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Draco

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The name is derived from a Greek word signifying royalty; and the animal was represented as the king of the ser

pents, with a regal crown upon its head, blighting the herbage with its breath, and striking dead with a glance of its eye. The term has been retained, and applied to this South American lizard on account of the crest or projection on its head. Another harmless little lizard, with a terrible name, is the fly

ing dragon, which is found in India, and Flying Dragon,

which is noted chiefly for being the only liv

ing representative of the fabulous dragons of olden time, so celebrated in romance and fable.

9. I will allude to one more only of the true lizards, and that is the little, active, noiseless gecko, or house-lizard of India. The peculiar construction of its feet enables it to run up smooth perpendicular walls with great facility, and even to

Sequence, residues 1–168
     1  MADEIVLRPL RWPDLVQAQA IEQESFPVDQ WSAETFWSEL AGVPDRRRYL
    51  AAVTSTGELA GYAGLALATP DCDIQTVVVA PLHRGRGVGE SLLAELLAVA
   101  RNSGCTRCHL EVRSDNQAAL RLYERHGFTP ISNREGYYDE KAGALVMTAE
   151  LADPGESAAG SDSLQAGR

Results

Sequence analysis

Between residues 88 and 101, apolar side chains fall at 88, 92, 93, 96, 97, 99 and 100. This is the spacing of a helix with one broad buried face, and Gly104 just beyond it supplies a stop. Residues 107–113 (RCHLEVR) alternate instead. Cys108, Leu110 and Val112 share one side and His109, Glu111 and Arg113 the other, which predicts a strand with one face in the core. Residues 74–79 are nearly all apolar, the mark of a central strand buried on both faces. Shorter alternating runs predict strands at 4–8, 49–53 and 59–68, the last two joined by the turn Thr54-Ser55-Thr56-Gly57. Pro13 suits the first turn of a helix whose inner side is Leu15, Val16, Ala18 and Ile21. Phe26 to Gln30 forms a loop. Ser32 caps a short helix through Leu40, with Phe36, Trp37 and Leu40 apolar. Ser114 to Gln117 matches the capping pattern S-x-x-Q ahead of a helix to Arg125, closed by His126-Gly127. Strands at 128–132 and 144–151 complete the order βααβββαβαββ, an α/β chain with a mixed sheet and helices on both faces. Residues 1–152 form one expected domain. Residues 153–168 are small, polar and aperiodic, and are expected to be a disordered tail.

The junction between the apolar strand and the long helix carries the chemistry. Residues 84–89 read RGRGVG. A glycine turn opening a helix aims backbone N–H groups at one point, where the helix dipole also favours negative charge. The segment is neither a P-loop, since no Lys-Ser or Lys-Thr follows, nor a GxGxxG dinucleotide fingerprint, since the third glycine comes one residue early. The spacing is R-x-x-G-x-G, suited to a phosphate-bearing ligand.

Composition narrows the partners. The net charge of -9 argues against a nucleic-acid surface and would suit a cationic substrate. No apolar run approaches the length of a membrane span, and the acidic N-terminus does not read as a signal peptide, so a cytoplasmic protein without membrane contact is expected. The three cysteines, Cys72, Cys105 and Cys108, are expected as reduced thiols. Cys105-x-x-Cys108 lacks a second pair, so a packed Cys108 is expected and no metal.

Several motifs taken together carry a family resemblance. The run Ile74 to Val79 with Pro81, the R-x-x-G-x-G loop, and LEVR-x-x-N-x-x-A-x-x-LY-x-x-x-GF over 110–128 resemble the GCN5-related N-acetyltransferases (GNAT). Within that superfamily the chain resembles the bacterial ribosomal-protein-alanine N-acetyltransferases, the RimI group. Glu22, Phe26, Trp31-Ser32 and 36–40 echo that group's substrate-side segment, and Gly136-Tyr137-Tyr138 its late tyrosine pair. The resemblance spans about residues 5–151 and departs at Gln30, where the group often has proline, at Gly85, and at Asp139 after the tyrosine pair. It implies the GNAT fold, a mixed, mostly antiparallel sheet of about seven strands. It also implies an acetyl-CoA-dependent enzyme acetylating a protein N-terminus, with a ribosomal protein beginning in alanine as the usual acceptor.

ceiling with its back downward. It is partial to the habitations of men, attracted by the flies which swarm there. Thus Mrs. Mason, of the Baptist mission of Burmah, says of these creatures: “They are every where, under the sides of tables and chairs, in the closets and book-cases, and among the food and clothing. They sometimes tumble from the roof upon the tables, but they usually come struggling with a centiped,8 or some other vermin, in their mouths.' So far from having any wish to destroy them, Mrs. Mason considered their services invaluable for clearing the house of vermin. It is supposed that this, instead of the spider, is the animal mentioned in the thirtieth chapter of Proverbs, and twenty-eighth verse, which has thus been rendered by Jerome:

" The gecko taketh hold with her hands,

And dwelleth in king's palaces," 10. The crocodile division of the Saurians next claims our attention. The principal families are those of the alligator of our Southern States, the cayman of Brazil, the common crocodile of the Nile, and the gavial- of the Ganges, all of which are represented in the annexed engraving, which will give you a better idea of their forms and relative sizes than any written description could convey. In the true cro lile the jaws are much more slim and pointed than in the alligator; and you will observe, at the end of the long snout of the gavial, a large protuberance, in which the nostrils are situated. All these animals are inhabitants of the rivers and fresh waters of warm countries; and, although they breathe